“I don’t remember a bunch of hullabaloo about the death penalty in terms of letters to the editor,” Herrington said of Dodd’s execution.

Herrington said he’ll never forget one of The Columbian’s editorial writers saying something along the lines of: “I’m against capital punishment — have been for a long time — but if ever there was one the community needed, this is it.”

Although Dodd had pleaded guilty, a jury was empaneled to determine his sentence. Bennett said a majority of jurors wanted the death penalty due to the heinous nature of the crime and overwhelming evidence that Dodd would offend again if he could.

“He was caught right in the act of kidnapping another kid, so if he hadn’t been caught, he would have kidnapped more kids and killed them,” Bennett said.

“But when the jury went to deliberate, it was discovered — despite a week or more of jury selection — that there was an anti-death penalty advocate on the jury,” he said.

She had concealed her opinion during jury selection but later shared it with the other jurors. When jurors asked about being deadlocked 11-1, Clark County Superior Court Judge Robert Harris reminded them they’d be individually polled and, therefore, their verdicts would not be anonymous. The holdout changed her vote afterward, Bennett said.

“The burden in a death penalty case is to convince the jury beyond a reasonable doubt there’s no mitigating factors sufficient to merit leniency. So it’s a hard, hard burden of proof, and you just got to pile the evidence on,” Bennett said.

“The death penalty was an accepted component of the law, and this case cried out for it,” he added.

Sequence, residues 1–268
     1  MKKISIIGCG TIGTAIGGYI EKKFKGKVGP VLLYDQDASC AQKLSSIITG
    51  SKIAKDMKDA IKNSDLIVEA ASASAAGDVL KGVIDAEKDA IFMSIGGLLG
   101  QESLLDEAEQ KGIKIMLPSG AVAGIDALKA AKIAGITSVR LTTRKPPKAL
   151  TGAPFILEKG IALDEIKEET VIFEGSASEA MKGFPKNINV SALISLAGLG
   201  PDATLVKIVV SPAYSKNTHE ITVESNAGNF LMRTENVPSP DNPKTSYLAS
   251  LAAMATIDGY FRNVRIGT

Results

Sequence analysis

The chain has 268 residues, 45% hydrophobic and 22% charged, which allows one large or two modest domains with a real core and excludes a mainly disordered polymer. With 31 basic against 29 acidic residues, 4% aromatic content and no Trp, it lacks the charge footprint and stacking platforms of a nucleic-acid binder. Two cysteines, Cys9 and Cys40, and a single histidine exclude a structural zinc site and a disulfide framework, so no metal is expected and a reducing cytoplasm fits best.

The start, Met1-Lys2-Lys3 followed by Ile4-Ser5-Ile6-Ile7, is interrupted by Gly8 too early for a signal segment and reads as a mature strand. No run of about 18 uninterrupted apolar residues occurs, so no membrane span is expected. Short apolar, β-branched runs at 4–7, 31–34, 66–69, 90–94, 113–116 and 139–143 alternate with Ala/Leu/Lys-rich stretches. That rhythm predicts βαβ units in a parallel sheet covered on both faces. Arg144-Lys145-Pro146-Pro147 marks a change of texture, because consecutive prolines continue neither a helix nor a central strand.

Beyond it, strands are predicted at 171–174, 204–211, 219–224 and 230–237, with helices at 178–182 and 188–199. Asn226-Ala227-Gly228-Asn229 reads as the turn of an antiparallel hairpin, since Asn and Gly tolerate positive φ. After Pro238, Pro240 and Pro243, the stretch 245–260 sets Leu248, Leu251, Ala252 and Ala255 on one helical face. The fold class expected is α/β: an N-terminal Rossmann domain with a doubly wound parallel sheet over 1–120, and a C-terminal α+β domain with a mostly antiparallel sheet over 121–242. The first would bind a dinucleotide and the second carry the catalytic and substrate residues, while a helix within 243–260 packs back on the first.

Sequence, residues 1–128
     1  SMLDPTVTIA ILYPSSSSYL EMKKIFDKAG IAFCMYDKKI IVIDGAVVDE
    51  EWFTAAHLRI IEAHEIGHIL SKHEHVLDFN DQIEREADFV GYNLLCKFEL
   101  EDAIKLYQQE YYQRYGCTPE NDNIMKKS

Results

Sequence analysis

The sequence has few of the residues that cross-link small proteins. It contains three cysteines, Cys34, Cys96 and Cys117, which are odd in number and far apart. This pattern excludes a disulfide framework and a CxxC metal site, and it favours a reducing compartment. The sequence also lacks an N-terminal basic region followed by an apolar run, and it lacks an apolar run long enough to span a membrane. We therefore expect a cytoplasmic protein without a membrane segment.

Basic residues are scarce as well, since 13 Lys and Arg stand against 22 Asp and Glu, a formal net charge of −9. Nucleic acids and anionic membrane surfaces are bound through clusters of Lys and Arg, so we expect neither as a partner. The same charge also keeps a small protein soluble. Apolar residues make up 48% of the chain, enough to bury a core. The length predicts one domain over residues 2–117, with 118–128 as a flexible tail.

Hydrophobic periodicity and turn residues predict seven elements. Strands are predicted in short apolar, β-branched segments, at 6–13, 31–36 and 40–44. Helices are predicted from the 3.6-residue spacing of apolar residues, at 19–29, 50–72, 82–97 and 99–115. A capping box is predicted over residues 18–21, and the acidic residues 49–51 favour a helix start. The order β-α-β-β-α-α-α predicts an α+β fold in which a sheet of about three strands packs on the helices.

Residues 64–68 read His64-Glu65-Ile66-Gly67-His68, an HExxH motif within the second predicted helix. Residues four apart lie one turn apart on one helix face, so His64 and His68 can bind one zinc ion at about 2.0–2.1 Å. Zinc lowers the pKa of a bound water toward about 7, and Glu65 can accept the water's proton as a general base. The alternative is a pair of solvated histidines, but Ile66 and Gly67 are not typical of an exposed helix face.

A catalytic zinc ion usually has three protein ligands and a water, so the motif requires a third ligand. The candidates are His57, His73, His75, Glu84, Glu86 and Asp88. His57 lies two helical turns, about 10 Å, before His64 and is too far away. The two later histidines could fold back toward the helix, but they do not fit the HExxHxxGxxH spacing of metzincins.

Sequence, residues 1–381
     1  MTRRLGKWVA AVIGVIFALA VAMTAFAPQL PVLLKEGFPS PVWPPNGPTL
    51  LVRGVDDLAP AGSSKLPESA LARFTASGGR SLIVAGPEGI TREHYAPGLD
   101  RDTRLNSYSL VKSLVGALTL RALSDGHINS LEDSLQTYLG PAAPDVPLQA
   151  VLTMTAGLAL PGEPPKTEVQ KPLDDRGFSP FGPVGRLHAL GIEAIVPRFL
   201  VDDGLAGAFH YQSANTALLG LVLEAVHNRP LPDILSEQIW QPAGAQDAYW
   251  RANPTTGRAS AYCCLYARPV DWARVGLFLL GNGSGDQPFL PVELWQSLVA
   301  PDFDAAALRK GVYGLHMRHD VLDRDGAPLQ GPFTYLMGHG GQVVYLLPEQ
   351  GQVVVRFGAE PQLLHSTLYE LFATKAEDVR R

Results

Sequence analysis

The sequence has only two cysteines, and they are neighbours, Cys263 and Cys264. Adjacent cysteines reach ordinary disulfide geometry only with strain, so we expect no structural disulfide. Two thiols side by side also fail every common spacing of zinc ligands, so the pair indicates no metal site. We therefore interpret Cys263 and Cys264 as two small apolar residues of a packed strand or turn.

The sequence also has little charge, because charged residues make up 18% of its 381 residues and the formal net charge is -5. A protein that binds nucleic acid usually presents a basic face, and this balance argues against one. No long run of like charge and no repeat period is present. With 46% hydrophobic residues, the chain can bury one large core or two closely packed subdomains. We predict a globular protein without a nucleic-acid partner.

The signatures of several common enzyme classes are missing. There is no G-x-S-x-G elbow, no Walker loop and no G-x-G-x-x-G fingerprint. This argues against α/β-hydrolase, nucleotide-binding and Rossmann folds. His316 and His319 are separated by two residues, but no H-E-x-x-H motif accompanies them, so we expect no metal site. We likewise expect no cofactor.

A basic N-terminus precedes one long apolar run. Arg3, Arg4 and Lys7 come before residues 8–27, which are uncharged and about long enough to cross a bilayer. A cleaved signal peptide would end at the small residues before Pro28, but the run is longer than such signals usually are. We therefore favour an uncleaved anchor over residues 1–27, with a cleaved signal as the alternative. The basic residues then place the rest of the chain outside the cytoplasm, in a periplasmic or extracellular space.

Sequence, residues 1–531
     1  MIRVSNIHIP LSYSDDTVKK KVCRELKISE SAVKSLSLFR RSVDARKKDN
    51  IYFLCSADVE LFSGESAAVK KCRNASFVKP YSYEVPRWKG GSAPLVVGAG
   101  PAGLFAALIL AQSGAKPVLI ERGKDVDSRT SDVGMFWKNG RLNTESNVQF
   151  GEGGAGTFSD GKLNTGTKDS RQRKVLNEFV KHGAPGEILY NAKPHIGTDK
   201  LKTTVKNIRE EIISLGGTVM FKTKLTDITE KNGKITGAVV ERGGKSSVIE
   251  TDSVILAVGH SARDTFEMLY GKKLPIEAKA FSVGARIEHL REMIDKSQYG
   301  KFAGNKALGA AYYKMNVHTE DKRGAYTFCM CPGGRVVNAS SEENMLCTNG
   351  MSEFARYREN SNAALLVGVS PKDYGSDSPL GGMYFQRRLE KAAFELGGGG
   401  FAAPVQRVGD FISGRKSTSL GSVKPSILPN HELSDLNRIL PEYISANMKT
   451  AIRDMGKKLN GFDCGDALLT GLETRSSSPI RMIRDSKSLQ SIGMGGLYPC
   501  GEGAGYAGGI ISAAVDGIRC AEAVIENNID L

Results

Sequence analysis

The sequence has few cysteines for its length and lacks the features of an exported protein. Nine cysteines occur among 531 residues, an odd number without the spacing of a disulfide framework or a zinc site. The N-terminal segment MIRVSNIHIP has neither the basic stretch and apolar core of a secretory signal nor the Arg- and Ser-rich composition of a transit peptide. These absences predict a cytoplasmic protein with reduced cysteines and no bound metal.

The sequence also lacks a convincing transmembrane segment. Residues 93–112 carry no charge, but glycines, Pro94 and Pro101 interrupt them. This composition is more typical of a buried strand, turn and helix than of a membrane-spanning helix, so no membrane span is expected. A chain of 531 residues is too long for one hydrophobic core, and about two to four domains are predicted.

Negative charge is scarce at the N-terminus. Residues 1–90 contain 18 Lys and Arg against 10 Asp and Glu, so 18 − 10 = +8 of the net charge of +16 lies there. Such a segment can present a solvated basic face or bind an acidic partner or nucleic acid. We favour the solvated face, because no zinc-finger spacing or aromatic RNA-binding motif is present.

Dodd could have chosen to die by lethal injection, but instead, he chose death by hanging — the same way he had killed 4-year-old Lee Iseli.

Bennett said there was no controversy about Dodd making that decision.

“But I think he played it up. He knew he was going to get the death penalty, so in order to get attention, he played it up like he was the magnanimous person who agreed to the death penalty,” Bennett said.

Witness to the execution

Julie Long, a reporter at Columbia Cable TV in Vancouver at the time, was among the dozen news media witnesses to Dodd’s hanging, the first to occur in Washington since 1963.

Some aspects of the case she remembers like it was yesterday, she said.

Prison officials walked Dodd into the split-level execution chamber. A screen that covered the upstairs window was briefly raised to show Dodd as he spoke his last words.

“For being as disturbed … he was smart enough to know and humble enough to admit he would offend again if ever let free,” Long recalled. “He was very lucid in terms of understanding the gravity of what he had done in killing Lee and the (Neer brothers).”

Media reports stated that the screen dropped afterward, and with only silhouettes visible, the noose was placed around Dodd’s neck. Then a hood was placed over his head.

“They closed the blind, and we saw him come crashing through the floor. He was swinging very gently,” Long said.

The execution took place at 12:05 a.m.

“We all just sat there. Nobody said a word. It was surreal. To me, it almost looked like a department store display. … But it was obviously a lot more grim, a lot more traumatic, a lot more devastating,” Long added. “We watched somebody’s life end. You can’t ever get that image out of your head.”

Long’s only sense of satisfaction in watching Dodd’s hanging, she said, was looking over at Lee Iseli’s mother, Jewell Cornell, and seeing her reaction.

“I remember watching her. … I remember what he said at the end and remember watching Jewell’s face — this sense of closure or calm or relief that it was over,” Long said. “I saw that it had washed over her.”

Bennett said he was unable to attend the hanging due to the limited number of witnesses.

“I would have gone,” he said. “I felt that if I prosecuted this case all the way through a death penalty, I owed it to him, basically, to attend. That may sound funny. But I was going to follow it through.”